There are some misconceptions with respect to statutory tax obligations of business owners as well as those in paid employment. For instance, many business owners believe they do not have individual tax obligations once their businesses have complied with the tax laws. Some people think Personal Income Tax (PIT) rates in Nigeria are in the region of 40% – 50% and so avoid any discussion around payment of taxes. Many others do not even know the difference between PIT and corporate taxes and which one applies to them. It is therefore no surprise that the Voluntary Assets and Income Declaration Scheme (VAIDS), a tax amnesty program organized by the Federal Ministry of Finance in conjunction with tax authorities in Nigeria, has left several people pondering on its relevance to them. This article provides fundamentals of the tax system in Nigeria in relation to PIT and why individuals should prepare themselves for both VAIDS and post-VAIDS era.
Personal Income Tax – What You Need to Know
Income of an individual derived from sources such as employment, business, asset, investments etc. is subjected to tax under the PIT Act 2011 (as amended) in Nigeria. The applicable income tax rate depends on income level and corresponding tax rate for each income bracket. There was a time in the country when PIT rates were significantly on the high side. For instance, PIT rate applicable between 1977 -1986 was 70% on annual income of 30,000 Naira and above; between 1986 – 1997, the PIT rate was 55% on annual income of 40,000 Naira and above. The PIT rates have however dropped significantly in recent times. When you consider reliefs and allowances, such as consolidated relief allowance, pension contribution, interest on mortgage for owner-occupied house and life assurance premium, that are to be deducted from taxable income, the average effective PIT rate is around 18%!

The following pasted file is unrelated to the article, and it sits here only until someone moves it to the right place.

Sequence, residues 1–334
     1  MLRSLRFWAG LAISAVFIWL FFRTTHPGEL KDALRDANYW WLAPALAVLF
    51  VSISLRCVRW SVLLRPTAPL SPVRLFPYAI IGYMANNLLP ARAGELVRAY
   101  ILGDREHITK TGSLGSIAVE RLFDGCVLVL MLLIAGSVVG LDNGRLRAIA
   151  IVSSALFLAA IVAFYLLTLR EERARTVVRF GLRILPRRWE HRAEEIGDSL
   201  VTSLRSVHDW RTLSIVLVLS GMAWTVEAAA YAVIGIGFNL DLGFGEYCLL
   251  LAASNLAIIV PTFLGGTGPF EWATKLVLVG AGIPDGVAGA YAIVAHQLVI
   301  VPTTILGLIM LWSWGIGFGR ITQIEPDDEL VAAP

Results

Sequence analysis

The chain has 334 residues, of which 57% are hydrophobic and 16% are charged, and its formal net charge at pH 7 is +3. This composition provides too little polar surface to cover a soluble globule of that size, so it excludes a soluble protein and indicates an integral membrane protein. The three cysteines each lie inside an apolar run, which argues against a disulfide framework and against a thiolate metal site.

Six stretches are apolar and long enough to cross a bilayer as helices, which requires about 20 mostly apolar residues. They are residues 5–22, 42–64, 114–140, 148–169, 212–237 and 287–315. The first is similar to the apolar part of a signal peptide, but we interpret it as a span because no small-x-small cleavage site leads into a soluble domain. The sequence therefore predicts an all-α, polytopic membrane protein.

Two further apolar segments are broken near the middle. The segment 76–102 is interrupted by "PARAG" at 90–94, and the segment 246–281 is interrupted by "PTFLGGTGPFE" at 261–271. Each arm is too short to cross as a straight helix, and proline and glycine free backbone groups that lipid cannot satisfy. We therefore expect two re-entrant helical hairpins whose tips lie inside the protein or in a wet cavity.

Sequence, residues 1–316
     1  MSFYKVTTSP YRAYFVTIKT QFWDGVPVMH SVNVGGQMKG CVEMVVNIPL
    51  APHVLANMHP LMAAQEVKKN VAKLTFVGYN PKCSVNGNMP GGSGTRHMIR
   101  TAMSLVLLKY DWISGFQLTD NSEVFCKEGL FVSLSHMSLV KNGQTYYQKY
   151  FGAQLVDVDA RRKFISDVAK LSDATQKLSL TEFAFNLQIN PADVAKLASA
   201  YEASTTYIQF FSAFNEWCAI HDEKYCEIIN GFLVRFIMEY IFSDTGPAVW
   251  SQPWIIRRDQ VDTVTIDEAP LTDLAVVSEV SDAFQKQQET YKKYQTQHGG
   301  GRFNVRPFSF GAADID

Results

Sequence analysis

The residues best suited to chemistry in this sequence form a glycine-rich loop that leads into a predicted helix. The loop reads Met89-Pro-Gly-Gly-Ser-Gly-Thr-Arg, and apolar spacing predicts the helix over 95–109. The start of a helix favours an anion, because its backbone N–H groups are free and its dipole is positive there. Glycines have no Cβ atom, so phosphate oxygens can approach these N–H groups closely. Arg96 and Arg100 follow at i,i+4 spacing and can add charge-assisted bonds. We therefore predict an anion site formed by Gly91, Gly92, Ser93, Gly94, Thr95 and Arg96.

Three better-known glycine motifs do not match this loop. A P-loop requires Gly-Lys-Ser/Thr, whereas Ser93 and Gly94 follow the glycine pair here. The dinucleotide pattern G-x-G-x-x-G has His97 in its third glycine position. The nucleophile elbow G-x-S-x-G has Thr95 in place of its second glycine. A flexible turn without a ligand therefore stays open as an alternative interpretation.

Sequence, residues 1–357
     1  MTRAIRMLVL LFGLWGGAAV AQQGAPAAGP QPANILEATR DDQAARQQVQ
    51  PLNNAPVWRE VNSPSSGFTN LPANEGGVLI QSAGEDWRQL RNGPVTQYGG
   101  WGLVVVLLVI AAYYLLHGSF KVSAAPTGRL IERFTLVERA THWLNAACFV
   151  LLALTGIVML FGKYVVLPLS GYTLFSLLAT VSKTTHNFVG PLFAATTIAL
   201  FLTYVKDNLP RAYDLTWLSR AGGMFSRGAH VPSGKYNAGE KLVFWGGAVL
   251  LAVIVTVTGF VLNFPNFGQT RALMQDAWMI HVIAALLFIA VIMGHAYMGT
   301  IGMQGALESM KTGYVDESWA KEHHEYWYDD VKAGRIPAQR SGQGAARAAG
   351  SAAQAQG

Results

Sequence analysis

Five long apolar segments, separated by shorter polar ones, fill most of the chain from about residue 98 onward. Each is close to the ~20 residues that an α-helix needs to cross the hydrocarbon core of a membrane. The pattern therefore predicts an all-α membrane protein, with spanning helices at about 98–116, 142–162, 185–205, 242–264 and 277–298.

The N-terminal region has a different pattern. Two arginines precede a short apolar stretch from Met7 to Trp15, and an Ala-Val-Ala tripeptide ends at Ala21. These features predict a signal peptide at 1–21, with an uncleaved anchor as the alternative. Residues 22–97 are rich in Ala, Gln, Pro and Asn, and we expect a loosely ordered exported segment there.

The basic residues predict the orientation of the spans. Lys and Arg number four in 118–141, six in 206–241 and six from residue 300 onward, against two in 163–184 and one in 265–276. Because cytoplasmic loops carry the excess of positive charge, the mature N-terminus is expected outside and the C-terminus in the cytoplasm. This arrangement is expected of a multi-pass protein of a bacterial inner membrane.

It is necessary to understand the difference between the personal income and company income and the applicable tax authority. Where an individual owns a company, the profit of such company is subjected to tax under the Companies Income Tax (CIT) Act. However, the income the individual receives from the company is taxable under the PIT Act. The fact that the company has paid CIT does not excuse the individual who owns such company from accounting for PIT on his own income derived from that company, except where such income is specifically exempt from PIT.